Is this a dangerous precedent?
It was recently reported in the press that a wealthy City headhunter was accused of treating Kensington like the Wild West by “trampling over” planning rules to build a mega-basement under his £5 million home.
Ex trader Stephen Fairholme was given permission for a modest extension with a reception, bathroom, cinema and shower directly beneath the four storey house in March 2013. But the following year he applied for a much larger dig – adding a playroom, utility room, gym, study and two bathrooms to the basement – which would have involved more than 50% of the garden.
By then Kensington & Chelsea council had introduced controls on basement extensions, limiting the size to less than half the size of the garden, and the application was rejected. When construction began, the neighbours became suspicious at the scale of the project. Their fears were confirmed when council planning officers visited the site. The officers served an enforcement notice on the owner. But they also suggested that he lodge a retrospective application for the bigger extension, slightly smaller than the banned scheme, to conform to the new guidelines. Council officers have now recommended approval for the application. This will be decided shortly.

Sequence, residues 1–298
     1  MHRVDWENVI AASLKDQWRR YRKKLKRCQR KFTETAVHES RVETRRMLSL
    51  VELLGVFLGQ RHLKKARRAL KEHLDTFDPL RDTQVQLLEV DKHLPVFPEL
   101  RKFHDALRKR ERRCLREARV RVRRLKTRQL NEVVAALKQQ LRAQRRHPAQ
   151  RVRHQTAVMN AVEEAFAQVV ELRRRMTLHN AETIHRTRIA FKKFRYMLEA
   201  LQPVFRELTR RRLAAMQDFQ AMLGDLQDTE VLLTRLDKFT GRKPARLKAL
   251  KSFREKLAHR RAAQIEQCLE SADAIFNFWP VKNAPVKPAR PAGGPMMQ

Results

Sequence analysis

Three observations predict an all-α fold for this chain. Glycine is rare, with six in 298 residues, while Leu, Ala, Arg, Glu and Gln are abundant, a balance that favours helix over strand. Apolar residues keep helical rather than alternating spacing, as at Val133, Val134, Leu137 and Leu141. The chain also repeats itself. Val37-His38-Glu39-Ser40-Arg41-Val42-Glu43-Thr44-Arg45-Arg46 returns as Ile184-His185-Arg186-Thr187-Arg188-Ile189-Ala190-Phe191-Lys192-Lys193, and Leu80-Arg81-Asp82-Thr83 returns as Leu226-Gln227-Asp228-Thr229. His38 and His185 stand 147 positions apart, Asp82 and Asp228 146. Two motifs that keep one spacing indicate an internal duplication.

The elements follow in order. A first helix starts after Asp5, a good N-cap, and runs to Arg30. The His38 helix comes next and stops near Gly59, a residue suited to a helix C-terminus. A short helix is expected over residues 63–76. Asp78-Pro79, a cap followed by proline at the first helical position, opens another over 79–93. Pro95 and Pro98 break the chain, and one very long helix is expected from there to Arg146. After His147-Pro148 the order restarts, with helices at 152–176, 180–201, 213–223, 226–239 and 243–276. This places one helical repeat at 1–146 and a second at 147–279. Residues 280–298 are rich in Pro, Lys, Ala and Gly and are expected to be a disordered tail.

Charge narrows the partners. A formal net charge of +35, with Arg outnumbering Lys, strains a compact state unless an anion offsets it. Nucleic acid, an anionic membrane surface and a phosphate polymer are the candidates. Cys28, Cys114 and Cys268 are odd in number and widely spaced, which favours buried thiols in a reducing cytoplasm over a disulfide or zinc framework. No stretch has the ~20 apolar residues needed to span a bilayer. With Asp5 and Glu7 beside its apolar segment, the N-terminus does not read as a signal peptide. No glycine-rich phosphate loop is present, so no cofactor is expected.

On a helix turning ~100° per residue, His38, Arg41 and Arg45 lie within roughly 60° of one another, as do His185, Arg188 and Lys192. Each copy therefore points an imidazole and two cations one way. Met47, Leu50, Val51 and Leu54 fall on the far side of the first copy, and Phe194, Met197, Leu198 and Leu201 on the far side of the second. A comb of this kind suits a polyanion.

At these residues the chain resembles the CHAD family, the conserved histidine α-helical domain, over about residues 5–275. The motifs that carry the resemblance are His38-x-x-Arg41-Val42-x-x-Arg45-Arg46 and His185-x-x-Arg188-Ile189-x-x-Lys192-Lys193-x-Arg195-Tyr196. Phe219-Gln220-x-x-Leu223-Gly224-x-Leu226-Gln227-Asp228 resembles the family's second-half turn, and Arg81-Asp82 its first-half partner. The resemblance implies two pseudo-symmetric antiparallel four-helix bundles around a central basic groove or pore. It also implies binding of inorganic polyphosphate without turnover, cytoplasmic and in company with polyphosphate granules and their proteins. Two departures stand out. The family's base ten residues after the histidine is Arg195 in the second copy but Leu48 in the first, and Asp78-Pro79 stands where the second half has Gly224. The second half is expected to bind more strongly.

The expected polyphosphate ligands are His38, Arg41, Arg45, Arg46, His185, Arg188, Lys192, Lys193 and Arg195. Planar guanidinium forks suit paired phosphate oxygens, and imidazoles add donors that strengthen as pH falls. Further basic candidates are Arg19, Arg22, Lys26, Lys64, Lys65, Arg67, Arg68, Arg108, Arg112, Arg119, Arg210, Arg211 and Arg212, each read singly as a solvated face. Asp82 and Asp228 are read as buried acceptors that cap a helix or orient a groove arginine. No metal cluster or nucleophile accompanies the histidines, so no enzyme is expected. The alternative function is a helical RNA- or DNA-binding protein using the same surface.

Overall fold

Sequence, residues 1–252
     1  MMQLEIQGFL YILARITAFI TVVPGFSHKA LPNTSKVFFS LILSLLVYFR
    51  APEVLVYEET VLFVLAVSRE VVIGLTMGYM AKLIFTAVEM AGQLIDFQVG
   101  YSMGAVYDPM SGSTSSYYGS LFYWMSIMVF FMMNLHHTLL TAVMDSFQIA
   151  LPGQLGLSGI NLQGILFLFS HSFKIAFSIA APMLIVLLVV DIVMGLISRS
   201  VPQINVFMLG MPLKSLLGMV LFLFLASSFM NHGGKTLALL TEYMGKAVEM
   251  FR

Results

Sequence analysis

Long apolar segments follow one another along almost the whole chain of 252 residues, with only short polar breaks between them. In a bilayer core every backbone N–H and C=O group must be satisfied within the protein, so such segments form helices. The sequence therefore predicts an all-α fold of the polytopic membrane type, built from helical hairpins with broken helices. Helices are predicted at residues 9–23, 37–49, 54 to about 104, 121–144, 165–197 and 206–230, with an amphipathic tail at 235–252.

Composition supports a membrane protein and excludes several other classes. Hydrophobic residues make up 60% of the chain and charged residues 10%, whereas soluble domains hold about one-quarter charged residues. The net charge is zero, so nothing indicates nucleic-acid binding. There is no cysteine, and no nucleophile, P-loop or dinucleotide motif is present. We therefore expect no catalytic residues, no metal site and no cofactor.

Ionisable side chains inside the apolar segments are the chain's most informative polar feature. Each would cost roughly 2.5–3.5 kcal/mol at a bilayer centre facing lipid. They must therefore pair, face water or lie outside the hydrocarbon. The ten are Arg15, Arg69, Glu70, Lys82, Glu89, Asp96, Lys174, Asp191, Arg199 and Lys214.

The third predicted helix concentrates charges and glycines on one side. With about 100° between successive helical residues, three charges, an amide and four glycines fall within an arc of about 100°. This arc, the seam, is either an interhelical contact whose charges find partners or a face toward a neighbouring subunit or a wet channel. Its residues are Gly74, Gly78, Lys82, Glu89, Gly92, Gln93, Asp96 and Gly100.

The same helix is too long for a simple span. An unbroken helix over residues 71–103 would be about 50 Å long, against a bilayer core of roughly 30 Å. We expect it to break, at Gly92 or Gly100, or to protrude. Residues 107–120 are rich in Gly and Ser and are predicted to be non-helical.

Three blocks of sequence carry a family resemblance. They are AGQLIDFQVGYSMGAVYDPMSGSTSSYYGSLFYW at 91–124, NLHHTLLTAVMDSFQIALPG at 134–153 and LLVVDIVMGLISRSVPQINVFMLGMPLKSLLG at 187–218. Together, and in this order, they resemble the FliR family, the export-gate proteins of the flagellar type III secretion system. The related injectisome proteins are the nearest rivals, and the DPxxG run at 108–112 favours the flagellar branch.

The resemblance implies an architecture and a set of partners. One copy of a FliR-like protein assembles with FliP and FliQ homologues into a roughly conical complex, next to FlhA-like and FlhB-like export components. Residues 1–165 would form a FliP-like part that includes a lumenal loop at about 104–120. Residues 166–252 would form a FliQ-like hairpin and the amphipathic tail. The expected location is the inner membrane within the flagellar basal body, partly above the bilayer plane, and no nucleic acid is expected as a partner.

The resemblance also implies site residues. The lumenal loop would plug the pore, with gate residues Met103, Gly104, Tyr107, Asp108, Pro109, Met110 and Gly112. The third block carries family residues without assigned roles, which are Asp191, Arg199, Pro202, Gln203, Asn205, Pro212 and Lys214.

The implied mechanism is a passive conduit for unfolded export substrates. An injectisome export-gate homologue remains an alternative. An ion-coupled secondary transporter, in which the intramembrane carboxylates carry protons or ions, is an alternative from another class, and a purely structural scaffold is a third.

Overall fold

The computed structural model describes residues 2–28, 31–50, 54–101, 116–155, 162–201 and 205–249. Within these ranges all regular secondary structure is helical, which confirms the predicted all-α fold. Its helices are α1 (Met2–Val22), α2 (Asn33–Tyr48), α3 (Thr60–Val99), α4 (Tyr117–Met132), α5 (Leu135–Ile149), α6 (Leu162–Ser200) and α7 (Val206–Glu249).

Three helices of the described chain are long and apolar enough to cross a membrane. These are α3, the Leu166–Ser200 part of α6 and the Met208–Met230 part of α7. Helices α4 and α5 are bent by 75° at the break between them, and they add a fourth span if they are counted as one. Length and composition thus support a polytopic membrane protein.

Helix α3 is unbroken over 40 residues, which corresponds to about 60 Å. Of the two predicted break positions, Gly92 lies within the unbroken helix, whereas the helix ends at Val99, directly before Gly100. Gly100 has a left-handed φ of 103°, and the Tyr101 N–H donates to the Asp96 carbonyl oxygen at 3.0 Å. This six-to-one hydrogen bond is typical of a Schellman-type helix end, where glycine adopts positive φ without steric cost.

Is this now potentially setting a dangerous precedent for developers and owners wanting to build mega-basements? Is it giving them a clear signal that if a particular large basement proposal is not approved, they can go ahead and build it and the planning authority will just approve it retrospectively? This will make a mockery of planning rules when someone can just do what they want without any consequences. If this continues, developers and owners of large properties will just keep pushing the boundaries with unlawful developments, knowing that they will get away with it.
What do we as professionals, Architects and Structural Engineers, do if we come across this happening on one of our projects? While we are employed by the client, we do all have a professional responsibility to notify the client that what is being done does not conform to the approved scheme and report it to the relevant authorities. What do you think? I would be interested to hear if anyone has had any experience with this and how they handled it, while protecting the identities of any parties.